One of the most frequent objections/benefits/discussion points in software is the idea of “lock-in.” This usually means “if I pay someone for something, I’m using something only they have, and I’ll be locked into it.” With public cloud, it applies to cloud services as well. I’m never really bought into lock-in as a huge deal. I think there’s always lock-in, no matter what. When thinking about lock-in, the question isn’t so much avoiding it, as figuring out how much you want to take on for what benefits.
Here’s the more on this topic that I gave to a reporter about lock-in concerns with serverless vendors and services:
I work at a vendor, so it’s easy to use an ad hominem argument to dismiss anything I say here. Nonetheless!
Anytime you move your code from one environment to another, you’re doing to have to deal with portability. That’s what most people are worrying about with “lock-in.” This concern crosses open and closed source: if I use an open source UI framework here, and then I want to my my UI to another open source framework, I have to deal with portability - rewriting, re-configuring, maybe even re-architecting things.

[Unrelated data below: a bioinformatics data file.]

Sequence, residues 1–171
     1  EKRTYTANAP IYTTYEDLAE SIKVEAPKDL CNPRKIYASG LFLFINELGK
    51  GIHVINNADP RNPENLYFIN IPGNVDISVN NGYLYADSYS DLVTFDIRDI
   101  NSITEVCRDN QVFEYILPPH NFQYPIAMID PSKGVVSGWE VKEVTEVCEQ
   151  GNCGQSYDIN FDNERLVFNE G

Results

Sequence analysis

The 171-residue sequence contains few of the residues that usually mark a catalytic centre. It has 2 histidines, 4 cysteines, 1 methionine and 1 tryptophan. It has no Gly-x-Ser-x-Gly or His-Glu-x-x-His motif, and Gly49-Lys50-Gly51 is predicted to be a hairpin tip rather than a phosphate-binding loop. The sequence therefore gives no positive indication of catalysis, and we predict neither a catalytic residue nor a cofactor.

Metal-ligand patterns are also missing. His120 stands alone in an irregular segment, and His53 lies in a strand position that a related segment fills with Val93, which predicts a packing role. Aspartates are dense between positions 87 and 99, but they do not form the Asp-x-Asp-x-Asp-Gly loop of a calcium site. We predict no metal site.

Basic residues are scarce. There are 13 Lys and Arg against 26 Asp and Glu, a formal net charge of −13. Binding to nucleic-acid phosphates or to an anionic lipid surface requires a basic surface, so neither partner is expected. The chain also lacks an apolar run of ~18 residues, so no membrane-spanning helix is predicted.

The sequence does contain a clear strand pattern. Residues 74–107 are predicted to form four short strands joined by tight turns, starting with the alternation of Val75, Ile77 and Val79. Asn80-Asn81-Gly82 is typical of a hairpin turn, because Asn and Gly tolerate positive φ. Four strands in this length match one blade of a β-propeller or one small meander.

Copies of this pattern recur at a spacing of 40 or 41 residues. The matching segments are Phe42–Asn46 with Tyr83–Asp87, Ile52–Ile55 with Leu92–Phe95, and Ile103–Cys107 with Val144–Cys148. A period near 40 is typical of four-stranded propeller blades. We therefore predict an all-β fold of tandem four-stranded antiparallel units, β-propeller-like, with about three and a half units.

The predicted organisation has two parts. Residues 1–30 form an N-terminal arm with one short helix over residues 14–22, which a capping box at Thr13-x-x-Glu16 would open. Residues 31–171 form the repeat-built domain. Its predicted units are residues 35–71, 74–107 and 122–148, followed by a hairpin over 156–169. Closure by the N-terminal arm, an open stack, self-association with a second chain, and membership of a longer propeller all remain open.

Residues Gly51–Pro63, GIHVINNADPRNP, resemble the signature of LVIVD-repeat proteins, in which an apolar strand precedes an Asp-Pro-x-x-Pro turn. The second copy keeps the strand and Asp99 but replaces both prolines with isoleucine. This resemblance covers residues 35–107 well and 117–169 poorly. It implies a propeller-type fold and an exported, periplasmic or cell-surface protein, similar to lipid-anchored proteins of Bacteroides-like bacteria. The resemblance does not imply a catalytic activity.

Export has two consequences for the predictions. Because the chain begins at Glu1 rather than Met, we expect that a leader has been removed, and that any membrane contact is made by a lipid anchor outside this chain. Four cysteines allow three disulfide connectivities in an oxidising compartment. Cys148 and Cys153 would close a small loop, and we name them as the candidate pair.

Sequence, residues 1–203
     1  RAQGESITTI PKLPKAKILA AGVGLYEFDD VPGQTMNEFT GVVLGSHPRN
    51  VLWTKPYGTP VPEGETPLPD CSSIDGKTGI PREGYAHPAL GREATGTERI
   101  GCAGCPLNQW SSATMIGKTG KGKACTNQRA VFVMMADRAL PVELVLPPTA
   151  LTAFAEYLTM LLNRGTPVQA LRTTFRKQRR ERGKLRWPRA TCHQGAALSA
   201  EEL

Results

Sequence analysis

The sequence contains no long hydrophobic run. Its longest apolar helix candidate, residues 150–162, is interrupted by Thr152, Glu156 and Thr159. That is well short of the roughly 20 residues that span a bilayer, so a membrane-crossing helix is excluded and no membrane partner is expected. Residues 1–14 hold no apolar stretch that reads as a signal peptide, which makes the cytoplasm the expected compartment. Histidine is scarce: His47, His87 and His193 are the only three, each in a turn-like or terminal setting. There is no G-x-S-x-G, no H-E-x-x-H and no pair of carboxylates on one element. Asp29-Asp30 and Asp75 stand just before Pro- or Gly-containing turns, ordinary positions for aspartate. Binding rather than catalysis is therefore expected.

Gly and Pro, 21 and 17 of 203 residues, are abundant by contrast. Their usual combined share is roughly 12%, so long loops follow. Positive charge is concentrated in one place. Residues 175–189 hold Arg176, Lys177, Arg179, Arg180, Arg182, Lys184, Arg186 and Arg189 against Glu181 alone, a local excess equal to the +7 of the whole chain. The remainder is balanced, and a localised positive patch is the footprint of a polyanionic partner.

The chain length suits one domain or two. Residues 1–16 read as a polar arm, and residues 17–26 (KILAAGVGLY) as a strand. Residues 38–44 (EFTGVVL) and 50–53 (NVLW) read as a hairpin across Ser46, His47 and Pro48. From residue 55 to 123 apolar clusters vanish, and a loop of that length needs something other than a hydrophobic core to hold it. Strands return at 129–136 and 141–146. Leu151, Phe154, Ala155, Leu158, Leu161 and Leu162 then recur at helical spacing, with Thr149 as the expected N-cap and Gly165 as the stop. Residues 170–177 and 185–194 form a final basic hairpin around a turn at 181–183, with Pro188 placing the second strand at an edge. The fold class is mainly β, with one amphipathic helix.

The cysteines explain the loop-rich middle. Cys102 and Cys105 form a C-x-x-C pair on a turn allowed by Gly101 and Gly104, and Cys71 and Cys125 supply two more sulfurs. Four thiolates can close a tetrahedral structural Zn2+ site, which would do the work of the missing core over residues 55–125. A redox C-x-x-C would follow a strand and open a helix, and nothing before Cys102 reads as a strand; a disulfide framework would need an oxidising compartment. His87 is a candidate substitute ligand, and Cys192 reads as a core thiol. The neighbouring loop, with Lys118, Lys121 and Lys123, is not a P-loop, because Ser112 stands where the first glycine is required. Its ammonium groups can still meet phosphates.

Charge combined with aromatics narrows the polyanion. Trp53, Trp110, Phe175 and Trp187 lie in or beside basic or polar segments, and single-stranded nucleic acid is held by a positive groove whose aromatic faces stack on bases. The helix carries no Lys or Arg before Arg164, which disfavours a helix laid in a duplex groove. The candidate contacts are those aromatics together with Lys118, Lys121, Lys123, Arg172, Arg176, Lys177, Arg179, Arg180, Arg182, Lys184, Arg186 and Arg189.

Of course, you can try to follow standards to hide the unique FaaS stuff. You could do serverless with knative, for example. You write your own abstraction layer (in general, this is a terrible idea because you probably won’t maintain it over the years, when you want to move to a new type of infrastructure/cloud you’ll have to re-write parts of your own framework, and incorporate new ideas into it, staff will leave and then you’ll lose knowledge of how the system works). When considering “lock-in,” I would look at portability: how easy would it be to move this code - re-writing, etc. if needed - to something else? And then weigh that against any benefits you get from the thing you’re afraid of locking into. If there’s a standard to write to, then use that if you’re concerned with portability.